Album review: New Years Day – Half Black Heart

California goth-rock mainstays New Years Day dig deep into their duality on thumping fifth album, Half Black Heart.

Album review: New Years Day – Half Black Heart
Sam Law

How do I unbreak my heart?’ asks Ash Costello. ‘How do I go back to the start / Before it all fell apart?’ It’s something of a mission statement for New Years Day. Almost two decades in, things might not really have come off the rails for the Anaheim goth-rock mainstays, but some of the dark lustre has faded across the intervening years. These 12 tracks feel like a bold shot at winning the old black magic back.

On one level, that’s about recapturing chemistry. Indeed, reuniting with Jeremy Valentyne (guitar), Brandon Wolfe (bass) and Trixx Daniel (drums) does seem to have injected a shot of the old venom back into songs like slamming tech-metal inflected opener Vampyre and stomping highlight Hurts Like Hell. Deeper down, though, it feels like a re-examination of how NYD have transitioned from young hotshots into weathered scene-leaders and how that’s deepened their foundational dualities: pop and metal, bounce and brutality, the light red and dark black.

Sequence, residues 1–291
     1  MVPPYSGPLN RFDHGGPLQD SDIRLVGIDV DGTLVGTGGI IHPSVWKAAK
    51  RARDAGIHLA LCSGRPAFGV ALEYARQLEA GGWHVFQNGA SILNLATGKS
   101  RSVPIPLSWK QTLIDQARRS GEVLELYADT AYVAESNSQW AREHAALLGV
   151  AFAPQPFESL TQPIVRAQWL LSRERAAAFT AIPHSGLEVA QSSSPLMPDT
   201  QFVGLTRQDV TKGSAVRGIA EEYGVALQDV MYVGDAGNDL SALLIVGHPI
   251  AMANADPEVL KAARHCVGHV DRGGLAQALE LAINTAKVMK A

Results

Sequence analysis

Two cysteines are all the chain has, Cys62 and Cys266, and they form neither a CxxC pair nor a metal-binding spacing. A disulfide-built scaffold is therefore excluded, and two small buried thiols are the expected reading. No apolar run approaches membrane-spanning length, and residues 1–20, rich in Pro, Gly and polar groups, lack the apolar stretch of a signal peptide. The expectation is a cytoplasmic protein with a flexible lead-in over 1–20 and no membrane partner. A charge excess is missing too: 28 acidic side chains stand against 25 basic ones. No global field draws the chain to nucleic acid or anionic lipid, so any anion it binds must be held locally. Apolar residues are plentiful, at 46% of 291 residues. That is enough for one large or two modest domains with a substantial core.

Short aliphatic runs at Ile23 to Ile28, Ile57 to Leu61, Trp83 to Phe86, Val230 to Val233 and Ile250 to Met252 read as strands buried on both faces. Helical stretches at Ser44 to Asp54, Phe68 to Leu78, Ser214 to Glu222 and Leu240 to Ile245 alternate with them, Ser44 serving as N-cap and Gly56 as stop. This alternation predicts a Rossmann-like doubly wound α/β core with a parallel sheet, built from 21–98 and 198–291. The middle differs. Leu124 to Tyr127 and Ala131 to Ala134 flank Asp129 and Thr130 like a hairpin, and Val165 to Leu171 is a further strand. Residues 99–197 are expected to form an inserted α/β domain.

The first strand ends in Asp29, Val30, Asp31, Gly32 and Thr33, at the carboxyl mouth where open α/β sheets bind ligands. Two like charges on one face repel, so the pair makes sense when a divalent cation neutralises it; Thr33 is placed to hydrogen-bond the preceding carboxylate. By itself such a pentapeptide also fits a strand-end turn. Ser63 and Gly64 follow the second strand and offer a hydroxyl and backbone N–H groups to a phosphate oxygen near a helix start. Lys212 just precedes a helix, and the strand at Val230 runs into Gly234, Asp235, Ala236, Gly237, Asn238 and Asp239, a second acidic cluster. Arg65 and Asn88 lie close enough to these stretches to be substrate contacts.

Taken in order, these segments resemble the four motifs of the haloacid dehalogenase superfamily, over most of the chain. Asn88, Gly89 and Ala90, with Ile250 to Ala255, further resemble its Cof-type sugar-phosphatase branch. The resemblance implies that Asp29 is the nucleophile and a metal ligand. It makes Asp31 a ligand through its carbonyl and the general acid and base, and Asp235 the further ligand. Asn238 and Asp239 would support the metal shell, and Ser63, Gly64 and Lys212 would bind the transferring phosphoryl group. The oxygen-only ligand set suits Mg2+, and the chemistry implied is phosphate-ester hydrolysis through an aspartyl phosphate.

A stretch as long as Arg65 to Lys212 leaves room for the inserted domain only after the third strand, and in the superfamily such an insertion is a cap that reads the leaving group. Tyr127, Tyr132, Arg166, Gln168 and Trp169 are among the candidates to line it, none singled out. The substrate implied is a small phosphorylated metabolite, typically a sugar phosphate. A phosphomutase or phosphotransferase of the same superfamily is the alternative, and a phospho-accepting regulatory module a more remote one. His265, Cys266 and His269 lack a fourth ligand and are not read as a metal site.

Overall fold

The results are sometimes striking. The title-track, for instance, is a masterclass in the slinkiness and snarl that have always seen NYD stand apart. Fearless feels custom-tooled to ignite fist-pumping sing-alongs, no matter how massive the venue. The beguiling understatement of mid-album highlight Bullet Proof clashes thrillingly with the waltzing high-drama of Burn It All Down. The downside is that that pursuit of old fire – inevitably – comes at the cost of meaningful progress.

Tellingly-titled closer Creature Of Habit suggests they might not give a damn, mind. And when Ash and the boys’ inky formula hits full flow, it’s still obvious that nobody does it better.

Verdict: 3/5

For fans of: The Pretty Reckless, Halestorm, Cassyette

Half Black Heart is released on March 1 via Century Media

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